Marketing has evolved to meet changing consumer expectations and needs, and while marketing for medical practices has been slow to keep up, it’s becoming more and more important for practices to commit to medical marketing. This is due in large part to the fact that consumers — including current and prospective patients — do a great deal of research in order to find the best choices to suit their needs. While thinking of your patients as consumers may seem cold on the surface, your practice is a business that needs to thrive in an increasingly competitive marketplace. For instance, 73% of consumers turn to search engines to research doctors, hospitals, ailments, and treatment.
By marketing your medical practice, you can ensure that your expertise, dedication, and information are there to influence that decision. We’ve honed in on five things you need to consider when you develop your marketing plan to ensure that it’s both targeted and strategic. Our tips will help keep your marketing consumer-focused so that your practice can be successful, and you can provide your patients with the care they need.
Who Are Your Target Patients?
This is the most important question in your marketing, and you need to answer it first. Your target patients are your audience, and that means your marketing needs to appeal to them. If you have different kinds of patients (e.g., parents, single professionals, sports players, or even new versus returning patients), creating audience segments can help you even further. This will help define a variety of elements in your marketing, as you’ll see below. As an example, consider the language you use in your advertising or content: does it sound like you’re writing for a medical journal, or is it easy for people with no medical training whatsoever to understand? Being professional yet relatable is key to influencing many audiences.
How Do Your Services Relate to Your Audience and Where They Are in Life?
You need to understand where your services fit into a patient’s life in order to understand how to intersect with them. For instance, if your target audience is expectant mothers, you need to understand when during pregnancy they’ll search for your services, or even if and when they’ll look for information about similar services before they’ve gotten pregnant. The tone and creative for content and ads should also be determined by how you relate to your audience. For instance, a retirement community with on-site care providers may want a vivacious tone with lively imagery, but a service for end-of-life care may want to be more somber.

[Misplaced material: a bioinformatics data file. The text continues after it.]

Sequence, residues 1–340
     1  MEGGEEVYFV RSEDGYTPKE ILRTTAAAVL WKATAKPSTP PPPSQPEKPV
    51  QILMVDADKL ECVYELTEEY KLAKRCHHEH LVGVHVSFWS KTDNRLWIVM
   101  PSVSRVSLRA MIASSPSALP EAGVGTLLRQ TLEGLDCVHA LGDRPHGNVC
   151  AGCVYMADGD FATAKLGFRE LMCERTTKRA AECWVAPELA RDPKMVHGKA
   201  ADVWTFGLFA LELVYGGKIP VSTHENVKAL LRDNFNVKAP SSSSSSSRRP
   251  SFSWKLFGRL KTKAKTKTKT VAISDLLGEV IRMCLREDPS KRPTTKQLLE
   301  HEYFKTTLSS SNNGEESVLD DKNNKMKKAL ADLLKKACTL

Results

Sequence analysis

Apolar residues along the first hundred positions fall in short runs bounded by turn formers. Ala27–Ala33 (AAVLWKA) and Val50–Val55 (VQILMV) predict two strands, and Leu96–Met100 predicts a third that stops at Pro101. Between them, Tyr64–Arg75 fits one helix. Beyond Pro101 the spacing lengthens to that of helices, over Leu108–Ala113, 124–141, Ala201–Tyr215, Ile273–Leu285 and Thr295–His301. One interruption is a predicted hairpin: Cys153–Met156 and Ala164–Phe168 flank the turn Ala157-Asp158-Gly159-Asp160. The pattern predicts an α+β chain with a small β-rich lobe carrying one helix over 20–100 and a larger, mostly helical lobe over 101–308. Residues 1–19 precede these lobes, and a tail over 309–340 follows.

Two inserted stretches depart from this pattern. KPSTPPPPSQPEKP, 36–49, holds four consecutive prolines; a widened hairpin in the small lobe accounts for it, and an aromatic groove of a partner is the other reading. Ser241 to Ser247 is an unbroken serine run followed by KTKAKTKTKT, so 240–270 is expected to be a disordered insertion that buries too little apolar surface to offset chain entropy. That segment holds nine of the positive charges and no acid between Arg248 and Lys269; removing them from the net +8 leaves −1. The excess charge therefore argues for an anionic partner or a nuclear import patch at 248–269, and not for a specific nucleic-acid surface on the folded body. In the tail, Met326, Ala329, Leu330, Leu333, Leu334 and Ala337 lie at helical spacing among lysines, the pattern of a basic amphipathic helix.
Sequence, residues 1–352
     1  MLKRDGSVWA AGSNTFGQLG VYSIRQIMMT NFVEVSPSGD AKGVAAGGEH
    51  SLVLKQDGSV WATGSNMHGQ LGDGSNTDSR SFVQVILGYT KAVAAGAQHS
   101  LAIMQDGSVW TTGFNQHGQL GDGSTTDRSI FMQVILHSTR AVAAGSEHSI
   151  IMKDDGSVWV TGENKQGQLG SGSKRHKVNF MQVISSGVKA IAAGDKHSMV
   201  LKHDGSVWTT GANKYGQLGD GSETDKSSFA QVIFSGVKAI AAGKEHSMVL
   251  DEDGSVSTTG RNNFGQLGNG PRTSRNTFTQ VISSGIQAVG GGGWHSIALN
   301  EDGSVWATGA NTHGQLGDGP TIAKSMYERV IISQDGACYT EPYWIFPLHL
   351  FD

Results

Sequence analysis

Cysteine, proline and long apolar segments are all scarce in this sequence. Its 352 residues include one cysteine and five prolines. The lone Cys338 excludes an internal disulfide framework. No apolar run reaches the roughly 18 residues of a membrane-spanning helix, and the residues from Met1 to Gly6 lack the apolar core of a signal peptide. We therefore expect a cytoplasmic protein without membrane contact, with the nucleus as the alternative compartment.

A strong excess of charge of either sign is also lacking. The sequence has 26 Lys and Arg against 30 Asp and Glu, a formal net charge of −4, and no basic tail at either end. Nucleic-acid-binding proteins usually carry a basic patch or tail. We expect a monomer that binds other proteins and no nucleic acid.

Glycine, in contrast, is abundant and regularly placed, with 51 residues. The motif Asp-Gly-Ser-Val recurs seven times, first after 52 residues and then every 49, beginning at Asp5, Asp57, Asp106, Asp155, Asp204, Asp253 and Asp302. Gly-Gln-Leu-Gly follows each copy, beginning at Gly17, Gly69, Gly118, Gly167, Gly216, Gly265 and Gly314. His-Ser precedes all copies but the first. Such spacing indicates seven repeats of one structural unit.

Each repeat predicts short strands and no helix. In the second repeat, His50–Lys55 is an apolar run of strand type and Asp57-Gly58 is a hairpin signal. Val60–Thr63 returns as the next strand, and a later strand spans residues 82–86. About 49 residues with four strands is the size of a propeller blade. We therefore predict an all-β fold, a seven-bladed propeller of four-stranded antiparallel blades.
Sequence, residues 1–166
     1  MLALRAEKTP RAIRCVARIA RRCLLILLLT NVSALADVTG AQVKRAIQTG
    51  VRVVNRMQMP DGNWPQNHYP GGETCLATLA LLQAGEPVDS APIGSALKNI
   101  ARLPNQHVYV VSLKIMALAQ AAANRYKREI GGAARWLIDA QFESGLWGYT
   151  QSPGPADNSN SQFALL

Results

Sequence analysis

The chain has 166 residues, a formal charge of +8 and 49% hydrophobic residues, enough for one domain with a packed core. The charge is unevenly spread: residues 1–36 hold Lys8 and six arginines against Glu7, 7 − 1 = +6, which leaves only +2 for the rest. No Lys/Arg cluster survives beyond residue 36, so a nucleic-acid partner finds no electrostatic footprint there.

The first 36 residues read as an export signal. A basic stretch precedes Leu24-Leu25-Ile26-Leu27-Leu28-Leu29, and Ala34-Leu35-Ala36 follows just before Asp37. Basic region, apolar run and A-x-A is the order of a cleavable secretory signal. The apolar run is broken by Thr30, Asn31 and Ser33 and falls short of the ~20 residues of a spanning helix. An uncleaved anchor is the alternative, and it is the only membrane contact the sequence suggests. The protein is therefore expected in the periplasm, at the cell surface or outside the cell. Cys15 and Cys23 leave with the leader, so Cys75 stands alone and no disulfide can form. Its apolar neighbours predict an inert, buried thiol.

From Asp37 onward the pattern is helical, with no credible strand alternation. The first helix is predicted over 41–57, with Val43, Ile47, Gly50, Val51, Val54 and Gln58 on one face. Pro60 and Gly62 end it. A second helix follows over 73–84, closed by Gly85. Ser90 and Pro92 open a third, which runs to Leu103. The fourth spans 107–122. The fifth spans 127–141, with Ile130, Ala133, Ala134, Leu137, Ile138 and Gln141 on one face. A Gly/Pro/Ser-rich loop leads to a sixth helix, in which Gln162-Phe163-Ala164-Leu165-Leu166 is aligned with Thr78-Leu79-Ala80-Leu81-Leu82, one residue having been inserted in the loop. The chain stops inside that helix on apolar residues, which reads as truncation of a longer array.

How Do Your Services Provide a Solution?
Marketing has a purpose — to convince patients and clients to come to your practice. Along with understanding your target audience, this should be at the heart of your marketing. Consumers want to know if you offer something they care about, especially if it solves a particular pain point. Whether you’re trying to have people take a specific action (e.g., make their first appointment, get screened for an ailment) or just trying to build awareness about your practice, the services or products you provide should be easy to determine.
Why Should Your Target Audience Choose Your Practice?
Of course, understanding that your practice can meet their need isn’t always enough to convince potential patients to choose your practice. In many cases, a number of brands might offer similar or different services to solve the same problem. What makes you stand out from your competition? How are you different, and why is that better? To fall back on consumer examples, value propositions include pricing, expertise, and quality. How many years have you been in the field? What makes your quality of service stand out? Do you take a particular kind of insurance that other practices in your area don’t? How you differentiate your practice should be built into your message.
Where Do Your Patients Spend Their Time?
While you may inquire into a patient’s lifestyle and what environmental elements they’re exposed to, that isn’t what we mean. Rather, what media are they spending time with? If your patients don’t watch much traditional TV but do listen to plenty of radio, then spending to run TV ads and not developing a strategy for radio would be a waste of your budget and other resources.
You shouldn’t make assumptions about this question either. For instance, 41% of all consumers will be influenced by social media content when making a choice about which hospital or treatment center to book an appointment with. You may think that means predominantly younger generations, and if your patients are older, you may assume that social media isn’t a worthwhile channel. Yet, among adults 65 years and older, social media use has tripled since 2010. Additionally, if you think traditional channels should be avoided, you should reconsider. According to a 2016 report by the MPA, people who have made a recommendation about a healthcare product or service say they’re influenced by print magazines and radio ahead of other media categories. Print magazines, digital reach, and radio are also the top three ways to reach influencers in healthcare and healthy living.
The market is changing, and competition will continue to be fierce. Answering the questions above will help you uncover the information you need to organize, plan, and deliver a poignant and effective medical marketing campaign. Marketing your medical practice in a way that’s consumer-focused (and thus patient-centric) will help your content and advertising be in the right place at the right time with the right message to make an impact.